Legal basis for practice principle 2

Courts and international conventions do not explicitly cite the presence of, or opportunity to develop, personal relationships as a necessary component of human dignity. However, family life is considered a core value in several international texts. For instance, respect for family life is defined as a basic human right in Article 8 of the European Convention on Human Rights, and both the European Commission on Human Rights and the ECHR have long recognized the need for its protection.The European Commission has explained that "it is an essential part of a prisoner's right to respect for family life that prison authorities assist him in maintaining effective contact with his close family members. It is also an essential part of both private life and the rehabilitation of prisoners that their contact with the outside world be maintained as far as practicable order to facilitate their reintegration in society on release. . . . " See X v. United Kingdom, no. 9054/80, Commission decision of October 8, 1982, DR 30, p. 113, For a similar ruling in the ECHR, see Messina v. Italy, (No. 2) 2000-X, 63-82, 74, § 61,  Specific to prisons, Rules 58 and 59 of the Nelson Mandela Rules state that (1) “Prisoners shall be allowed, under necessary supervision, to communicate with their family and friends at regular intervals” and (2) “Prisoners should be allocated, to the extent possible, to prisons close to their homes or their places of social rehabilitation."The United Nations Standard Minimum Rules for the Treatment of Prisoners, Rule 59, This sentiment is echoed in the proposed Dignity Act, a Senate bill that, if enacted, would mandate that if an incarcerated person has children, he or she must be placed as close to the children as possible. S. 1524, 115th Congress (2017-2018),  The European Commission on Human Rights has interpreted this right broadly, declaring that it means “the right to establish and develop relationships with other human beings, especially in the emotional field for the development and fulfillment of one’s own personality.”See X v. Iceland, Commission Application no. 6825/74, European Commission of Human Rights Vol 5, 86-87,  Many advocates support the view that family life and personal relationships contribute to the individuality aspect of human dignity: “Who one is and where one comes from are defining elements of individuality and for most people family life is an important element of this.”Andrew Coyle, Humanity in Prison: Questions of Definition and Audit (London: International Centre for Prison Studies, 2003), 39.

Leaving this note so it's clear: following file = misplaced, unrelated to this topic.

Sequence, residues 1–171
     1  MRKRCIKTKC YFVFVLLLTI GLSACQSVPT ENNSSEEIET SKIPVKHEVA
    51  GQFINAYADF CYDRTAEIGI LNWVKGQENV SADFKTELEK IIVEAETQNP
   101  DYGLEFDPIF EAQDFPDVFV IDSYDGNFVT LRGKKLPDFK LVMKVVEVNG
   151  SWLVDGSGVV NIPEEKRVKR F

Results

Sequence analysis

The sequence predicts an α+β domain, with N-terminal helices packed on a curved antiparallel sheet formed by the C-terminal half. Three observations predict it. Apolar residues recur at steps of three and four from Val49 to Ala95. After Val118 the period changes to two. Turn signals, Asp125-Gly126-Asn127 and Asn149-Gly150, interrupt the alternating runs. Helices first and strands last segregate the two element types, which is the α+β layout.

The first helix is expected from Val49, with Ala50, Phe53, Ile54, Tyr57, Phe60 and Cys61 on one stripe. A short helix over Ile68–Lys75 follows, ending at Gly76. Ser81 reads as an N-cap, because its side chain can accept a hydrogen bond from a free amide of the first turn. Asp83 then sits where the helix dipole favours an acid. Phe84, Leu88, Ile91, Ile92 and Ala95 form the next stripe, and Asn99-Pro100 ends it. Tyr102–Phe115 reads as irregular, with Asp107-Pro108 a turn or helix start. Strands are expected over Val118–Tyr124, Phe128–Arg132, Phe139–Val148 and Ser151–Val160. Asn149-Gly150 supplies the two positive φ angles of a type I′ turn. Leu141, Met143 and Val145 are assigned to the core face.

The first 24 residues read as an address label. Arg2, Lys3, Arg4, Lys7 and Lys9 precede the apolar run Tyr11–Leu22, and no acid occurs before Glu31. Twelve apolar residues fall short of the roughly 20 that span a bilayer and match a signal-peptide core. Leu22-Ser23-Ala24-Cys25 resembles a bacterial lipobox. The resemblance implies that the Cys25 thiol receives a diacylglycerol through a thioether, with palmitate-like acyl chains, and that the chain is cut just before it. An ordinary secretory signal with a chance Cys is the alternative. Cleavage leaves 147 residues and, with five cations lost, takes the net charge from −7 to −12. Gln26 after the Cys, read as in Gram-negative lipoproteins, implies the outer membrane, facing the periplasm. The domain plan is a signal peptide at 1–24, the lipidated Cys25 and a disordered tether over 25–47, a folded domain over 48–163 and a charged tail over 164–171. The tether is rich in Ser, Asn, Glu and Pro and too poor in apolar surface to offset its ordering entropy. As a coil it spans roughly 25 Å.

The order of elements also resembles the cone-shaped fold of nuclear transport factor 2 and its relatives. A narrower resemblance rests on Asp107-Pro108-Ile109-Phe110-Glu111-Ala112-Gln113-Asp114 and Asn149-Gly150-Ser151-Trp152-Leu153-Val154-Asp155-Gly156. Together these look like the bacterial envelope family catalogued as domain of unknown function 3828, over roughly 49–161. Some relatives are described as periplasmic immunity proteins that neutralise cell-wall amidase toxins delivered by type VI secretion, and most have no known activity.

To the extent that positive interactions between people and the development of social relationships are a defining aspect of living in modern society, both the European Prison Rules and the Nelson Mandela Rules advocate for minimizing the differences between prison and outside life—sometimes known as the “normalization” principle—in order to mitigate the negative effects of incarceration and increase chances for successful rehabilitation and reintegration into the community.Nelson Mandela Rules, Rule 5: “The prison regime should seek to minimize any differences between prison life and life at liberty that tend to lessen the responsibility of the prisoners or the respect due to their dignity as human beings.” U.N. General Assembly, United Nations Standard Minimum Rules for the Treatment of Prisoners (the Nelson Mandela Rules): resolution / adopted by the General Assembly, January 8, 2016, A/RES/70/175. European Prison Rules, Rule 5: “Life in prison shall approximate as closely as possible the positive aspects of life in the community.” Council of Europe: Committee of Ministers, Recommendation Rec(2006)2 of the Committee of Ministers to Member States on the European Prison Rules (January 11, 2006).  Consistent with this principle, German corrections officials, for example, routinely award people in prison short-term or extended home leave to visit with family or search for work or housing, recognizing that strong family and community connections foster successful reentry outcomes.Germany’s Federal Constitutional Court has affirmed the importance of prison leave to the principles of resocialization and reintegration. See Frieder Dünkel and Dieter Rossner, “Germany,” in Imprisonment Today and Tomorrow: Perspectives on Prisoners’ Rights and Prison Conditions, edited by Dirk van Zyl Smit and Frieder Dünkel (New York: Springer, 2001), 288-350, 330-31. Also see Dirk van Zyl Smit and Sonja Snacken, Principles of European Prison Law and Policy (New York: Oxford University Press, 2009), 78.  Though the practice is not common, some facilities in the United States have extended family visitation policies that allow children and immediate family members longer visits, which may last overnight in special facilities designated for this purpose. These programs vary in terms of which family members are allowed to visit, for how long, and where they stay. Some facilities offer such visits through agency programming or in partnership with local community or faith-based organizations.Seven jurisdictions allow for overnight family visits (California, Colorado, Connecticut, Nebraska, New York, South Dakota, and Washington); three are limited to women and their children (Colorado, Nebraska, and South Dakota), while the rest include conjugal visits (private time between an incarcerated person and his or her spouse or domestic partner). See Chesa Boudin, Trevor Stutz, and Aaron Littman, “Prison Visitation Policies: A Fifty-State Survey,” Yale Law & Policy Review 32, no. 1 (2013), 149-89, 175, For example, the Family Reunion Program, which has operated in New York State for decades, allows eligible parents (those with lower security designations who are not assigned to a special housing unit and have not demonstrated a pattern of disruptive behavior) to receive extended visits from immediate family members in on-site, private mobile homes. Another example is a program for incarcerated mothers and their preadolescent children at Minnesota Correctional Facility–Shakopee. The program offers one overnight weekend visit each month for children under 11. These visits are highly structured and situated within the Anthony Parenting Program, which requires mothers to attend parenting classes. See Lindsey Cramer, Margaret Goff, Bryce Peterson, and Heather Sandstrom, Parent-Child Visiting Practices in Prisons and Jails: A Synthesis of Research and Practice (Washington, DC: Urban Institute, 2017),